Federal Spending in the States 2005 to 2014

Source: Pew Charitable Trusts, Fiscal Federalism Initiative, Issue Brief, March 3, 2016

From the overview:
The federal government spent $3.3 trillion in the states during its 2014 fiscal year. But the amount and composition of federal spending vary widely from state to state. As a result, federal budget decisions that increase or decrease areas of spending affect each state differently. The distribution of federal spending provides important context for understanding the effect that federal fiscal policy has on the states.

This analysis combines publicly available data sources to show the state-by-state distribution of federal spending, divided into the five major categories:
• Retirement benefits, which are payments to individuals and include Social Security retirement, survivor, and disability payments; veterans’ benefits; and other federal retirement and disability payments. Social Security accounts for about four-fifths of these payments.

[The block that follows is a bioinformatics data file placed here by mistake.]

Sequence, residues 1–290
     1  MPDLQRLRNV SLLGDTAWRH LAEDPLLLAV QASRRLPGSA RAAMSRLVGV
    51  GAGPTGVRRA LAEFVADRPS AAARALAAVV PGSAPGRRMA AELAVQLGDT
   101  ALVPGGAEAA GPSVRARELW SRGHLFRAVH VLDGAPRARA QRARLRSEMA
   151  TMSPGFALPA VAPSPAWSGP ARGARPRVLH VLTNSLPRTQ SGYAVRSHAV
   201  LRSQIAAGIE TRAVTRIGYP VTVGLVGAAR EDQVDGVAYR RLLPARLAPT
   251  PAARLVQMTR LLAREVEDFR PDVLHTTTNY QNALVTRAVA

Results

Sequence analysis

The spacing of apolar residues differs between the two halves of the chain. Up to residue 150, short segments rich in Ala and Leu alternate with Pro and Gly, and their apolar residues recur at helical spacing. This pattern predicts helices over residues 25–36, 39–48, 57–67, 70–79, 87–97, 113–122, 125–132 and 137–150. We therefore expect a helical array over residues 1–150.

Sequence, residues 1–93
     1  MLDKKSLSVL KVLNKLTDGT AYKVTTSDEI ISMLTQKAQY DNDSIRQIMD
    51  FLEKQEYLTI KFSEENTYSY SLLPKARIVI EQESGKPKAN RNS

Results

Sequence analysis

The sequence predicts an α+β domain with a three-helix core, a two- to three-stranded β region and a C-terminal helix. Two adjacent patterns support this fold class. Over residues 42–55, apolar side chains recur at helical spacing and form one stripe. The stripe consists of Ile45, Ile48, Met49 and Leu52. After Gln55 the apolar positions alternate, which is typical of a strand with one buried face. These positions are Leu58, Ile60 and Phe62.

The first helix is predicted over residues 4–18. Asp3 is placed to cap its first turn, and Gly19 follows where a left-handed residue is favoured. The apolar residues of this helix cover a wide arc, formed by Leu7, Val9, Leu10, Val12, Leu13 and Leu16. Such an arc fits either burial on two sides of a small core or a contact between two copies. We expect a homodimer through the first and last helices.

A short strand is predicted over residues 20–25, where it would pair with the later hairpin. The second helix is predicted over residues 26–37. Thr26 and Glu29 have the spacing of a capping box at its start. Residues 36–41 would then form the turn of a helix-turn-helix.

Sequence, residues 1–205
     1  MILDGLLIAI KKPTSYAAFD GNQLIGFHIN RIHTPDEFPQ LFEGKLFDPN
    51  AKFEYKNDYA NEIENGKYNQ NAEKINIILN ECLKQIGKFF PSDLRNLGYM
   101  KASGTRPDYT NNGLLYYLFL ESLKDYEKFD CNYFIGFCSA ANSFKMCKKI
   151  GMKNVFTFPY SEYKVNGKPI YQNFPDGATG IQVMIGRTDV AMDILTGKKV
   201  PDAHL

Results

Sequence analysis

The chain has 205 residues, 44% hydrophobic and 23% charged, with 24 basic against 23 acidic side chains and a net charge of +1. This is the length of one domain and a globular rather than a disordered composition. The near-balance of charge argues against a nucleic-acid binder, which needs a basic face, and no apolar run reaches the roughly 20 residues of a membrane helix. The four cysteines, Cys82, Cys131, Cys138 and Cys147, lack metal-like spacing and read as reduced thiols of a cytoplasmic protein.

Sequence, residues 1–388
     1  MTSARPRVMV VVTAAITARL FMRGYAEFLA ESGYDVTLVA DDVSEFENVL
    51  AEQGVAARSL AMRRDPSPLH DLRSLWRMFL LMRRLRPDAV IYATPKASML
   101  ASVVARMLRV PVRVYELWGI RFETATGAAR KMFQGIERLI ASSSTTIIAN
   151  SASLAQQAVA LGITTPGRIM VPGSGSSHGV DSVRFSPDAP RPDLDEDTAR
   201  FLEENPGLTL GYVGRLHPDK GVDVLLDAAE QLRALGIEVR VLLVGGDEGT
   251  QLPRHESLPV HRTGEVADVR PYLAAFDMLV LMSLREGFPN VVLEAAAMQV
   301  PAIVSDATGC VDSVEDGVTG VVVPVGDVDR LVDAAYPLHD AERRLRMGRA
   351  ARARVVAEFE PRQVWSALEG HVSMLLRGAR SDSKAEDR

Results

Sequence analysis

• Nonretirement benefits, which are payments to individuals and include Medicare benefits, food assistance, unemployment insurance payments, student financial aid, and other assistance payments. Medicare accounts for nearly two-thirds of these payments.
• Grants, which include funding to state and local governments for a variety of program areas such as health care, transportation, education, and housing, as well as funding for individuals and other nonfederal entities, such as research grants. Medicaid grants to states account for about half of all federal grants.
• Contracts for purchases of goods and services, from military and medical equipment to information technology and catering services. Defense purchases account for two-thirds of federal contracts.
• Salaries and wages for federal employees. Roughly two-thirds of this spending is for civilians, and one-third is for military personnel…..
Related:
• Federal Spending in the States: Methodology (PDF)
Ten-Year Historical Data (XLS)
States Tables (XLS)